By Mr. Philip H Jones (ocpa-plans)April 1, 2011
FORT GEORGE G. MEADE, Md. - "Kindness is a language which the blind can see and the deaf can hear. " -- Anon, the Greek
March 9 started as a typical day for Violette Kogut, the spouse of a deceased service member and a member of the Fort Meade community since 1963. She had things to do and people to see. Her day included a stop at the post commissary.
After finding what she thought was a good space in the commissary parking lot, the Laurel resident went off to shop. At about the same time, Walter Taylor, a 24-year federal employee who works in the commissary's meat department, went outside with the intention of taking a quiet, 15-minute break.
Standing in the parking lot, Taylor witnessed another vehicle hitting Kogut's Honda Accord. The impact caused the bumper of Kogut's car to nearly drop to the ground. Instead of stopping and contacting the proper authority to report an accident, said Taylor, the driver moved his vehicle four rows away to another parking spot, leaving the scene as if nothing occurred.
"I just stood there watching what happened," Taylor said. "I said to myself, 'He's not going to stop. He's going to keep moving.' I had to do something. I couldn't just walk away."
Taylor immediately called the military police on his cellphone while a co-worker wrote down Kogut's license plate number, then went inside to page Kogut.
Taylor continued to wait near Kogut's vehicle.
"When she finally came outside and saw what had happened to her car, she became really distraught and just started to cry," Taylor said. "She said her husband, who had passed away a couple of years ago, always handled these kinds of situations. I knew I just couldn't leave her standing there."
Taylor and his co-worker tried to comfort Kogut. When the MPs arrived, Taylor explained what he witnessed and pointed out the vehicle's driver.
His 15-minute break had now turned into a 35-minute ordeal. It was at this point that Taylor thought he should let his supervisor know why he had not returned from his break.
"My supervisor came outside and saw what had happened," Taylor recalled. "He told Mrs. Kogut, 'Walter Taylor will stay with you until the MPs complete their report.' "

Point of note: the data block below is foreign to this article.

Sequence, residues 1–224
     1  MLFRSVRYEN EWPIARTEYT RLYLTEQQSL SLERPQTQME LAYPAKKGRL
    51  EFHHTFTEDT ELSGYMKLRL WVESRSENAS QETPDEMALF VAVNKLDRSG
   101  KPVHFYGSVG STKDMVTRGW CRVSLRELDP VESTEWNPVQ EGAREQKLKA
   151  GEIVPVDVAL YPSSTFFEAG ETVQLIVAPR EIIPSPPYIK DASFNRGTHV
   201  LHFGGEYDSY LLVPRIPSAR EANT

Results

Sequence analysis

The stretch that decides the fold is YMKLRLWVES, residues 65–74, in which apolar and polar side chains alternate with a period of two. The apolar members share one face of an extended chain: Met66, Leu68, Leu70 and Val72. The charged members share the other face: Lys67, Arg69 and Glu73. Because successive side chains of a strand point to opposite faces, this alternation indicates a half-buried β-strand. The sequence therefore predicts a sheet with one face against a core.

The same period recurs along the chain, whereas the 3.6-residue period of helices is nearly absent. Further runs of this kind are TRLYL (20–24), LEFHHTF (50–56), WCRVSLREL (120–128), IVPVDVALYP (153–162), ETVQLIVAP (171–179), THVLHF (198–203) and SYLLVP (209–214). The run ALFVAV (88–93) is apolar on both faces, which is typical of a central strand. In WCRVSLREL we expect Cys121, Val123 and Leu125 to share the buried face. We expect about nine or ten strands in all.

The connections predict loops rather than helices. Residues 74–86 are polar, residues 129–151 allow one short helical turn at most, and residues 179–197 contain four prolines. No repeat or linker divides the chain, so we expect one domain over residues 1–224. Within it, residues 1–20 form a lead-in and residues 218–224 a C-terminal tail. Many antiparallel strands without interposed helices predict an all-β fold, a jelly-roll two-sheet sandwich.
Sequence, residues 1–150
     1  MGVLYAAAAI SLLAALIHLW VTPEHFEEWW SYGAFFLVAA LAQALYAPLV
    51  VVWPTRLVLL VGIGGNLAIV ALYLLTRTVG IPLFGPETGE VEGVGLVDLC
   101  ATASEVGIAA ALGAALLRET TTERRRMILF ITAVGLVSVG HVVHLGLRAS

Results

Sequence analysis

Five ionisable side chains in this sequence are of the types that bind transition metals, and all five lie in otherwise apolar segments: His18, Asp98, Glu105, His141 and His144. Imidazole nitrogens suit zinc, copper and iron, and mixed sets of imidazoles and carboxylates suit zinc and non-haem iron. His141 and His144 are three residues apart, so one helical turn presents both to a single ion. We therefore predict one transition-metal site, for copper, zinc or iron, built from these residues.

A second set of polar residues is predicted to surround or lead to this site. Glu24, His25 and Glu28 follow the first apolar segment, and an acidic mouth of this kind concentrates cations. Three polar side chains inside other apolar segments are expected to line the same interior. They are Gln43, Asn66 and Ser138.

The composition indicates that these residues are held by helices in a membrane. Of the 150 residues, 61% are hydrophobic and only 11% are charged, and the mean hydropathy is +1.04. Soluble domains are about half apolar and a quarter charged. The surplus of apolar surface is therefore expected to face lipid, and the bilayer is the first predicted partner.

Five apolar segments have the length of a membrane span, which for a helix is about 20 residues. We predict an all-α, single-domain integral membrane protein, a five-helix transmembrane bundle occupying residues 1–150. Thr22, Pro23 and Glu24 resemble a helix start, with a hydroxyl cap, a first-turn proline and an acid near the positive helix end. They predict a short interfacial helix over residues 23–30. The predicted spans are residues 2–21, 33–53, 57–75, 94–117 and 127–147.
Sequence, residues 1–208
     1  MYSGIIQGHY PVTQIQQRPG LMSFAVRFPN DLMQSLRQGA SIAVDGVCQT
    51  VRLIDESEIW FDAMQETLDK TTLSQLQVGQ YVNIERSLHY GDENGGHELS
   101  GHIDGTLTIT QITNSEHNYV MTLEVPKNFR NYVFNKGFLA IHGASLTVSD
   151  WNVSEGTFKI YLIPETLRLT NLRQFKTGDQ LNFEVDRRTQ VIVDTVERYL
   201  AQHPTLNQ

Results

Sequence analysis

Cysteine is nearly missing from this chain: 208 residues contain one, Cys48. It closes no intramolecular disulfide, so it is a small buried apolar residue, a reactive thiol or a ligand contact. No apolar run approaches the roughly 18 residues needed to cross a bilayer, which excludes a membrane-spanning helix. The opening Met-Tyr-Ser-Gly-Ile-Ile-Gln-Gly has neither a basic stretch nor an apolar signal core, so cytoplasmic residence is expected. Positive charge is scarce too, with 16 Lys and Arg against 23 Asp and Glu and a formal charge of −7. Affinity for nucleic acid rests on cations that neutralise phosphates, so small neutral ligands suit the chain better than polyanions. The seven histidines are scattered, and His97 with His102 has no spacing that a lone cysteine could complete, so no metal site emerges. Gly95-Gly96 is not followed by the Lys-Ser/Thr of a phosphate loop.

Hannelore Mulligan, wife of a deceased service member, also needed to shop at the commissary on March 9. As she drove through the parking lot, Mulligan recognized Kogut as a fellow participant in her Zumba class at Gaffney Fitness Center.
"I saw the look on her face and I knew something was wrong," Mulligan said. "I just felt like she needed a little support. When I got out of my car she just looked at me and said, 'Look what happened to my car.' "
Mulligan's support would extend over the next four hours as she waited with Kogut for the MPs to arrive and a tow truck to remove the vehicle. The Ellicott City resident then shopped with Kogut at the commissary and drove her to Laurel to pick up a rental car.
Prior to March 9, Mulligan and Kogut were not close friends. They simply said "hi" to each other on the days they went to Zumba class. For Mulligan, helping Kogut was not about friendship. It simply was the "right thing to do."
"I would have done it for anybody," Mulligan said. "I think we need to look out for each other. Maybe one day I'll need help too."
Taylor shares similar values.
"I would want somebody to do the same thing I did if they saw what happened," he said. "I would want somebody to do that for me or for somebody in my family."
With time to reflect on what happened to her and really take into account the thoughtfulness of the two people who came to her aid, Kogut contacted Soundoff! to publicly thank Taylor and Mulligan.
"I am profoundly grateful," Kogut said. "This could have been a tragedy, but this is a lesson in life about how people are kind. The gentleman and the lady helped me. They made my life easier."
Reaching out to others in their time of need, that's the way the world should be. Perhaps Mahatma Gandhi said it best:
"Be the change that you want to see in the world."